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Coach says Canadian women have made artificial turf a World Cup advantage

12/04/2014 03:18 EST | Updated 02/03/2015 05:59 EST
While some denigrate the use of artificial turf at the Women's World Cup, Canadian coach John Herdman pragmatically sees it as an advantage.

The Canadian women have stayed out of the fray, for the most part. Players behind a legal challenge surrounding the artificial surface elected not to involve the Canadians given that the Canadian Soccer Association doubles as the 2015 tournament's organizing committee.

Herdman says he and his staff have tried to keep the chatter about the legal challenge out of sight and out of mind.

"I think we've had to position it like that," he said in an interview. "I mean look, in Canada a lot of these players (in) North America are used to playing on turf so it won't be a major shock. Because pretty much all our home matches over the last two years have been on turf.

"So it's not a shock. It's a consistent surface for our players. There are definite pros of doing it. There are also cons in many people's mind. But I think what's been great about our players (is) they just accepted the challenge and said 'Look, we'll become turf experts. We'll become experts at playing on turf and we'll use that as one of our home advantages' over the opponents who may have a mindset and be stuck on other things.'"

The lawyer for the women challenging artificial turf kept the pressure up Thursday ahead of Saturday's tournament draw by releasing another letter to FIFA secretary-general Jerome Valcke.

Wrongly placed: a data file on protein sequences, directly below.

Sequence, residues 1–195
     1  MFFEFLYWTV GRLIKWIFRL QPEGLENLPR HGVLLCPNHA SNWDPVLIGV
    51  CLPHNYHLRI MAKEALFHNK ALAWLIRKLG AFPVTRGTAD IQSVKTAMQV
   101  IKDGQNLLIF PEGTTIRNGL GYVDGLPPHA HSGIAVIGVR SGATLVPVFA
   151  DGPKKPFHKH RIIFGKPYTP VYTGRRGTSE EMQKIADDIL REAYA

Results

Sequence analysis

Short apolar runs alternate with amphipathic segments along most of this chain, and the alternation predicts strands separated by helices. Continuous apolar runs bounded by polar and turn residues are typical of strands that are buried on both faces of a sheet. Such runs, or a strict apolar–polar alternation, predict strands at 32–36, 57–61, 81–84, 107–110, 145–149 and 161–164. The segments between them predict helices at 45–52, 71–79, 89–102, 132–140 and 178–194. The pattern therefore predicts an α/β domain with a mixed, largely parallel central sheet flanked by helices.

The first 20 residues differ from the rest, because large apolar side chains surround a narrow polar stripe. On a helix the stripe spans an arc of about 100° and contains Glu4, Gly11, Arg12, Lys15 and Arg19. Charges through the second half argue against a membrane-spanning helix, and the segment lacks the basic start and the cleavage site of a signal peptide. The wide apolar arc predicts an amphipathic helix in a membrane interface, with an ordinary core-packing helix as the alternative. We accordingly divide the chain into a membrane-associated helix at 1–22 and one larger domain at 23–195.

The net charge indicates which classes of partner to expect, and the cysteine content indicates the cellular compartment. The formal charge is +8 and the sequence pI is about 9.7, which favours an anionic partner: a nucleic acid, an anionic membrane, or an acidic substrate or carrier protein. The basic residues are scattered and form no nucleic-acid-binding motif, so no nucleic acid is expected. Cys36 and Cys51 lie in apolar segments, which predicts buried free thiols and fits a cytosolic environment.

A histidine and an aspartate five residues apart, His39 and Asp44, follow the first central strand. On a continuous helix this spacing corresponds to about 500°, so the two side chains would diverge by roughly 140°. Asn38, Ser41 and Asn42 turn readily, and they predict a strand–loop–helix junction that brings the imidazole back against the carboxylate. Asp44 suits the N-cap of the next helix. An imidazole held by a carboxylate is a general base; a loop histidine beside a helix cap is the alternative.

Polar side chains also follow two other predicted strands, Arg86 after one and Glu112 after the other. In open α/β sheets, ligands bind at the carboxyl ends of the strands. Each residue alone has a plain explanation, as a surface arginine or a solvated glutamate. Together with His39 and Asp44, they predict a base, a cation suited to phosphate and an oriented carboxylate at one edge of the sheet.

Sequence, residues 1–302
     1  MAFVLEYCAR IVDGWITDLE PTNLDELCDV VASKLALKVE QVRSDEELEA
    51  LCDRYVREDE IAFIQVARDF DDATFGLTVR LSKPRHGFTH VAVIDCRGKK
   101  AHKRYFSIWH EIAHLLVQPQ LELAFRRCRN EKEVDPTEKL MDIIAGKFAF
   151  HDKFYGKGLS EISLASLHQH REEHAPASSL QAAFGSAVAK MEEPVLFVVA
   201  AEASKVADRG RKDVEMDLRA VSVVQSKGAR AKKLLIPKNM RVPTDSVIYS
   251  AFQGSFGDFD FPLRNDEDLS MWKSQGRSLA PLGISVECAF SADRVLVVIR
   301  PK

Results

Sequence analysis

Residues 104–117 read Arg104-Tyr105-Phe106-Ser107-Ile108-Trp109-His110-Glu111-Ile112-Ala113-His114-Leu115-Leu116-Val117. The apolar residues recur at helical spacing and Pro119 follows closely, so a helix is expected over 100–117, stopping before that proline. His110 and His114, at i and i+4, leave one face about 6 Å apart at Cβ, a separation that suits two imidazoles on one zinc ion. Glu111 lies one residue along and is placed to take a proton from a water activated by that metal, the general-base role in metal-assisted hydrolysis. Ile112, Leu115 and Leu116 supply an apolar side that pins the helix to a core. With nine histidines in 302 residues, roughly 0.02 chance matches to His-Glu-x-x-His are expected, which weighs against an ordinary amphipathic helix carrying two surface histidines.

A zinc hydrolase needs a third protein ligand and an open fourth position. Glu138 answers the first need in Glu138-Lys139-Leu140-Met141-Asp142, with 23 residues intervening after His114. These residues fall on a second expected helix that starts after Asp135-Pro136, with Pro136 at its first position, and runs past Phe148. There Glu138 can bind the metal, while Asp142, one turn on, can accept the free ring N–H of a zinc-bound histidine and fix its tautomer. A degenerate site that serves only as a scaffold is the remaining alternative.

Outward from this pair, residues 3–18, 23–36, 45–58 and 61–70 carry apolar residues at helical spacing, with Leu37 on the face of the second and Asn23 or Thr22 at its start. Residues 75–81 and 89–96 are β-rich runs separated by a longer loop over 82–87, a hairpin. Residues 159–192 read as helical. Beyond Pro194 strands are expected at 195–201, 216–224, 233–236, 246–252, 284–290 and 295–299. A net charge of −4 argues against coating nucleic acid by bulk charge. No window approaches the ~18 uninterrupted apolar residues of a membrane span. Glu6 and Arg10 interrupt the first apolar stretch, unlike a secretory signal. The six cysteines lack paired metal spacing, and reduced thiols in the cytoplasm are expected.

Unable to get the FIFA executive to talk to players via a conference call around the draw, lawyer Hampton Dellinger sent a "Top 10 list of pressing questions to which the players and public deserve answers."

No. 3 reads "How can you justify playing the World Cup final at Vancouver's B.C. Place on a surface that players have likened to concrete?"

The letter also questions the credentials and connections of FIFA consultants and experts as well as the difference between prize money at the men's and women's tournaments.

A group of top female players has filed a challenge in the Human Rights Tribunal of Ontario, arguing that playing on artificial turf at the Women's World Cup is discriminatory because the men play their showcase tournament on grass.

FIFA argues that the laws of the game permit artificial turf as long as they meet standards and that such surfaces makes sense for the Canadian climate.

Valcke has also gone on record saying that a men's World Cup could be held on turf "sooner rather than later."

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